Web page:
Resources > Section 17 > J-1 Visa Application & US Entry > Exchange visitor (J-1) visa
#17-28Visa denials & administrative processingPDFReturnURL
After being accepted to a BridgeUSA J-1 Exchange Visitor by a designated sponsor and issued Form DS-2019 and SEVIS ID, prospective exchange visitors will apply for a J-1 visa at a US embassy or consulate (Canadians apply for J-1 status at a US port of entry).
Generally, a visa applicant is interviewed by a consular officer. If the applicant fails to establish that s/he is eligible for a visa, the consular officer will refuse the application, and you will be provided a reason for the denial.
If the consular officer finds that you are not eligible to receive a visa under US law, your visa application can be refused. Common reasons for visa denials are:

• Insufficient information to determine
• Does not qualify for the visa category
• Falls within the scope of one of the inadmissibility or ineligibility grounds of the law
• Current and/or past actions, e.g., criminal activities

In some cases, the consular officer sends a case to DC or related agency for further clearance or evaluation. This Is called administrative processing.

Administrative processes can delay visa issuance by several weeks or even months. Most administrative processes are resolved within 60 days of the visa interview, but the actual time vary depending on individual circumstances of each case. At the conclusion of the processing, the consular officer may either approve or conclude that the applicant remains ineligible for a visa.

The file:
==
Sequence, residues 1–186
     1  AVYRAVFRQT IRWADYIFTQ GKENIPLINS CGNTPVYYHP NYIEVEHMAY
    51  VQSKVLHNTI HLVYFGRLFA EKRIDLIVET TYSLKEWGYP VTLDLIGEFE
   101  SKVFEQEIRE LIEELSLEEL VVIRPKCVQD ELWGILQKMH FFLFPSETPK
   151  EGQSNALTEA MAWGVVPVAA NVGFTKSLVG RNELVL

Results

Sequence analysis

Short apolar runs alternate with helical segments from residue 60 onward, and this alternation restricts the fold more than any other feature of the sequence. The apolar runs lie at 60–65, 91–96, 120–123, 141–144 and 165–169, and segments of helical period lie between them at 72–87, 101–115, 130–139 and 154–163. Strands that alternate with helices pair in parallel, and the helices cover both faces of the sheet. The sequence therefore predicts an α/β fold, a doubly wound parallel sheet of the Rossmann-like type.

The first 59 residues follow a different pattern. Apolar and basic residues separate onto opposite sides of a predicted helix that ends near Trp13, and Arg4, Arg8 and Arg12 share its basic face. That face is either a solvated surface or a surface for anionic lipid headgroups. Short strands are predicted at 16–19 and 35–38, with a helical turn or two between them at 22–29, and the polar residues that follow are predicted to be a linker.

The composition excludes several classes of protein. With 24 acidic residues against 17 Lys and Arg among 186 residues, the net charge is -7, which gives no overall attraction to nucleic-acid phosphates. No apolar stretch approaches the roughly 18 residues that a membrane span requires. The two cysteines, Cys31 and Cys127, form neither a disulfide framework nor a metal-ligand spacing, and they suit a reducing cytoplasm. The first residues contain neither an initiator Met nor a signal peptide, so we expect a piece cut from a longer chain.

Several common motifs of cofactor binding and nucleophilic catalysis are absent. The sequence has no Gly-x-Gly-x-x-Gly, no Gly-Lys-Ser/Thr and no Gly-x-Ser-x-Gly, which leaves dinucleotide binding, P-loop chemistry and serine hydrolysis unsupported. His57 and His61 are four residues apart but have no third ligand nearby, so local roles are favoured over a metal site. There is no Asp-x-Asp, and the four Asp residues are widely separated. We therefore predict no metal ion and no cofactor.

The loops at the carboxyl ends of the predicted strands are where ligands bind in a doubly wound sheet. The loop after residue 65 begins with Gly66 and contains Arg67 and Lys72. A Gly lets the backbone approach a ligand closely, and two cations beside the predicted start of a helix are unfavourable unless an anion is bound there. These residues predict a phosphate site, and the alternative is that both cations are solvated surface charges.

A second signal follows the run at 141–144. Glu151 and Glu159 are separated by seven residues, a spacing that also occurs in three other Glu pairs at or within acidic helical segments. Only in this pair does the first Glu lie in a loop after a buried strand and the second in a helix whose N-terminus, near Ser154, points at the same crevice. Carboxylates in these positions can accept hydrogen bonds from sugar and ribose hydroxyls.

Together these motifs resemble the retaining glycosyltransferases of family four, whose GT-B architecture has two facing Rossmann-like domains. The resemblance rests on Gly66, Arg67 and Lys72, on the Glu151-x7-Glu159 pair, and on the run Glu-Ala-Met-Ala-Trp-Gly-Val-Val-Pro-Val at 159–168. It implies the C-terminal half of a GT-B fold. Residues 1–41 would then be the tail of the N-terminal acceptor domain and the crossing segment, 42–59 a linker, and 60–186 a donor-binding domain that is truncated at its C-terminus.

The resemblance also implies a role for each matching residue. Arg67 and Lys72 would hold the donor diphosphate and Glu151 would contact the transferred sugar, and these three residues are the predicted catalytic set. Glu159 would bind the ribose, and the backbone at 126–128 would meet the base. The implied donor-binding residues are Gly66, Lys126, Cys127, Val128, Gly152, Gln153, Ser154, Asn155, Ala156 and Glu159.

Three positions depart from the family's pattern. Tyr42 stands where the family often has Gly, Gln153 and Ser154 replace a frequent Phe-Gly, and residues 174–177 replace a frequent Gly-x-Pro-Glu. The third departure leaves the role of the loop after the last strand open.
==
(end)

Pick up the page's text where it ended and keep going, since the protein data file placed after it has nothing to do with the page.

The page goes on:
If denied a visa, the applicant is typically notified of the section of law which applies and if s/he may apply for a waiver of their ineligibility. Some ineligibilities can be overcome; other ineligibilities are non-negotiable and permanent.

If you believe that you have been denied entry for no legitimate reason, with the exception of 221(g) refusals, you may reapply by submitting a new visa application and paying the visa application fee again. If you were found ineligible under section 214(b), you should be able to present evidence of significant changes in circumstances since your last application.

Section 212(a). Application pending processing of a waiver of ineligibility by the Department of Homeland Security

Section212(b). Applicant is presumed to have an immigrant intent and failed to demonstrate strong ties with their home country and/or those who failed to sufficiently demonstrate that they qualify for the nonimmigrant visa category they applied for. There is no appeal process. To reapply, you must complete a new application.

Section 212(e). If you are ineligible for a visa based on one or more of the laws listed in Section 212(a) of the Immigration and Nationality Act (INA), you may be able to apply for a waiver of ineligibility.

Section 212 (g). It prohibits the issuance of a visa to anyone whose application does not comply with the provisions of the INA or related regulations. If your application for a visa has been refused under Section 221(g) INA, you will have been provided with a letter explaining the steps you are required to take. You will likely be asked to submit a document or simply wait (administrative processing) until the process is resolved.